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Breast biopsy

Bonnie N Joe, MD, PhD
Laura J Esserman, MD, MBA
Section Editor
Anees B Chagpar, MD, MSc, MA, MPH, MBA, FACS, FRCS(C)
Deputy Editor
Wenliang Chen, MD, PhD


In the patient with a palpable breast mass or suspicious mammographic abnormality, the obligatory diagnostic technique is percutaneous biopsy. Surgical biopsy should not be used as a diagnostic tool unless percutaneous palpation-guided or image-guided biopsy is not feasible [1].

The types and choice of method for breast biopsy and postoperative care and follow-up, including reviewing biopsy results and the potential need for rebiopsy, are reviewed here. The clinical features and diagnosis of a breast mass and screening for breast cancer that might indicate the need for breast biopsy are reviewed elsewhere. (See "Clinical manifestations and diagnosis of a palpable breast mass" and "Screening for breast cancer: Strategies and recommendations".)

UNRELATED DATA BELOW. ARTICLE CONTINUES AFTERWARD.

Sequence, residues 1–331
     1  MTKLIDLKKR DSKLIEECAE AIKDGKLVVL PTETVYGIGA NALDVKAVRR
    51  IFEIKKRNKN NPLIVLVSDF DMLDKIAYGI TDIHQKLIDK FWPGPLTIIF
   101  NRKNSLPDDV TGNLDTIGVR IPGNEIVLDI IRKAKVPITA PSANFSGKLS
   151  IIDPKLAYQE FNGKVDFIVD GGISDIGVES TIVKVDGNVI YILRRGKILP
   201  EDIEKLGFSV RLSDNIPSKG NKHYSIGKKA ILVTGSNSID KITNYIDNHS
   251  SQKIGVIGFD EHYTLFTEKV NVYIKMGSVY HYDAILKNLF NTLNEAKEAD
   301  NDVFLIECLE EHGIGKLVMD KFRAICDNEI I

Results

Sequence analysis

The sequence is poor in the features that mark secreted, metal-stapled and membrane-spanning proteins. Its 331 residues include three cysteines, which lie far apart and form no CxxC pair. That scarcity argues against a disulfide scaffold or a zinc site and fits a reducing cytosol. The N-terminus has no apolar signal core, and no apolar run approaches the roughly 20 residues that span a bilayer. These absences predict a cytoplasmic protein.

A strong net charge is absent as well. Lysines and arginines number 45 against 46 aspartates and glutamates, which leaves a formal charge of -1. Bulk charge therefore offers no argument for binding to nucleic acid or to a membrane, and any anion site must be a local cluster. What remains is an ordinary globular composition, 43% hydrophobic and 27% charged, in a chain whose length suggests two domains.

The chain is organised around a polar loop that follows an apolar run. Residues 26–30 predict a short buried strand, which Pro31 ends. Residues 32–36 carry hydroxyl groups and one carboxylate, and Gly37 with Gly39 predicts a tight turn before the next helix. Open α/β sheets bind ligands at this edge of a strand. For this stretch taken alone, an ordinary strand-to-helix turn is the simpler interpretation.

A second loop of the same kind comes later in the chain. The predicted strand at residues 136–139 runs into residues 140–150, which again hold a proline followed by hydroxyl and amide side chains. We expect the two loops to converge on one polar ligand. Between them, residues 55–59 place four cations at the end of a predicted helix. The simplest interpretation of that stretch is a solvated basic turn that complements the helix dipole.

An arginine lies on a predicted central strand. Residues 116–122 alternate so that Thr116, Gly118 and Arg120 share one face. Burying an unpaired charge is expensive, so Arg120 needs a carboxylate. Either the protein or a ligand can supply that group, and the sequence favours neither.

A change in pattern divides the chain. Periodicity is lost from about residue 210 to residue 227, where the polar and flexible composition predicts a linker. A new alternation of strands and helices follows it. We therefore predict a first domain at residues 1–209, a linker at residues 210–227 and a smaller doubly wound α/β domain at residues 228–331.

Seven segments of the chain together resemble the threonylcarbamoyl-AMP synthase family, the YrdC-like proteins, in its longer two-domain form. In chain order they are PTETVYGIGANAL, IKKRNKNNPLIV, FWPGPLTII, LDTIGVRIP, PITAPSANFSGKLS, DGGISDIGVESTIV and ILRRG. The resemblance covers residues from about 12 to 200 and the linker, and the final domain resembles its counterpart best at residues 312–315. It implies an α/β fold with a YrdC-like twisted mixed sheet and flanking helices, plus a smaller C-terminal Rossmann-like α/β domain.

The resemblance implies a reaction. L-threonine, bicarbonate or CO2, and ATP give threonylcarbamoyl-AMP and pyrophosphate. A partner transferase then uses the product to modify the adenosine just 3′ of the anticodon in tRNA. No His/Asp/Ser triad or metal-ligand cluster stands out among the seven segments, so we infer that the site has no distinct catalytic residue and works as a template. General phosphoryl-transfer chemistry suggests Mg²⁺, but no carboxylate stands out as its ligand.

The treatment of specific breast diagnoses identified through breast biopsy (eg, invasive ductal carcinoma, ductal carcinoma in situ) is discussed in specific topic reviews. (See "Overview of the treatment of newly diagnosed, non-metastatic breast cancer".)


Properly preparing patients for breast biopsy and the potential results can do much to alleviate anxiety. The Breast Imaging Reporting and Data System (BI-RADS) categories 4A, 4B, and 4C identify lesions as having low, moderate, and high likelihood of being associated with a malignancy (table 1). (See "Breast imaging for cancer screening: Mammography and ultrasonography", section on 'The BI-RADS categories'.)

Some facilities premedicate the patient with lorazepam or other short-acting anxiolytics medications. Patients receiving more than just local anesthesia need to make arrangements for transportation and be accompanied home.


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Literature review current through: Sep 2016. | This topic last updated: Oct 3, 2016.
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